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I thought that the Civil War ended more than a hundred years ago, but apparently it continues on and on here at DailyKos.  Some of the bitterest diaries and comments during the election season had to do with a certain Southern senate candidate who ultimately lost.  In the past few days it has returned with a vengeance.  I regret it.

Richard Nixon may have been a lot of things, but he was no idiot.  He realized that the progressive and Southern traditions of the Democratic Party were at loggerheads and he was determined to exploit this division.  Nixon’s Southern Strategy has been the basis for the reemergence of Republican power in the latter part of the 20th century.  It was a classic case of divide and conquer.  And it still is in effect right here among us.

I am disturbed that any attempt to discuss allocation of Democratic political resources is often reinterpreted by a few Southern Kossacks as an attempt to "abandon" the South.  A little background would be appropriate here.  Since the end of Reconstruction and until the 1960s, the Democratic Party was associated with the South and the Republican Party with the North.  The term "Solid South" was coined because the South voted as a bloc for the Democratic presidential candidate every election.  In fact, the Democratic Party was so powerful that most Deep South states were one-party systems.  The real election was always the Democratic primary – for white voters only.  More often than not, half of more of the Democrats in Congress were Southerners.  Although Northern Democrats had significantly different interests, they had to acknowledge the influence of Southern Democrats.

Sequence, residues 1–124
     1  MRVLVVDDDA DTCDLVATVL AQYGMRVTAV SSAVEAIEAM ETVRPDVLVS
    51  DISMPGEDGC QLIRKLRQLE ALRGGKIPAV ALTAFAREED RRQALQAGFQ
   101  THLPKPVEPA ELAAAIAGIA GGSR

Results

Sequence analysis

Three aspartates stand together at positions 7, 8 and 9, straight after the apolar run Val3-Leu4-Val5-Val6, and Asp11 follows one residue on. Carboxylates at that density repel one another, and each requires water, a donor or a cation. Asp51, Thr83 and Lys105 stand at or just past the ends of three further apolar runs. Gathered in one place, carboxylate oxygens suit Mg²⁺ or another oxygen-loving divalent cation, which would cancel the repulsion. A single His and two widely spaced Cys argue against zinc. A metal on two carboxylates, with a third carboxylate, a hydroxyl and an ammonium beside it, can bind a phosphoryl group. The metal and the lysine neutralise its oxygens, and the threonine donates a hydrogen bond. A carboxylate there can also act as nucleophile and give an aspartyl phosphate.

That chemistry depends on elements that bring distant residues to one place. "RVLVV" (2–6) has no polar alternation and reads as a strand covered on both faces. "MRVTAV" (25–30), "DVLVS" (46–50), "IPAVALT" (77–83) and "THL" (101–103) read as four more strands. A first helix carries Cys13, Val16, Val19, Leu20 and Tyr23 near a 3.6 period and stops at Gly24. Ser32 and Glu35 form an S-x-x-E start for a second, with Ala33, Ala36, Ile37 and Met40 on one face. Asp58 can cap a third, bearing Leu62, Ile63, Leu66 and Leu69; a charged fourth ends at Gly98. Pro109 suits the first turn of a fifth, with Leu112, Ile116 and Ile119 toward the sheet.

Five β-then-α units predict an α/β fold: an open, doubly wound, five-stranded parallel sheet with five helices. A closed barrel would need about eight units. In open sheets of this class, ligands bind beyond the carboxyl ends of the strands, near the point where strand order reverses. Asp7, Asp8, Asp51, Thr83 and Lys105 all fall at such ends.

National Atlas - Public Domain

The Civil Rights Movement broke the "Solid South" forever.  Initial cracks appeared during the New Deal – especially in response to Eleanor Roosevelt’s support of civil rights.  The first real break came when Strom Thurmond broke with Harry Truman over desegregation of the military in 1948 and carried four Deep South states.  John F. Kennedy carried most of the South in 1960, but Mississippi and Alabama bolted.  In 1964, the only states that Barry Goldwater carried, with the exception of his home state of Arizona, were five Deep South states.  By 1968, the South was lost to the Democrats – at least on the presidential level – with the region split between George Wallace in the Deep South and Richard Nixon in the Upper South.  Nixon saw this and acted.

There was only once exception since 1968.  Georgia native, Jimmy Carter, swept the South in 1976, but was as quickly rejected by his home region in 1980.  In the ten presidential elections since 1968, the Democratic candidate has lost every Southern state in five of those, won only one Southern state in another two, and received well less than half of Southern electoral votes in the two Clinton/Gore victories.  Even though the Democratic Party ran a ticket with two Southerners on it, the South didn’t respond.  It was the North, the Midwest, and the West that elected Bill Clinton.  A look at the 2000 election map will show the complete reversal of national voting patterns over the course of the twentieth century.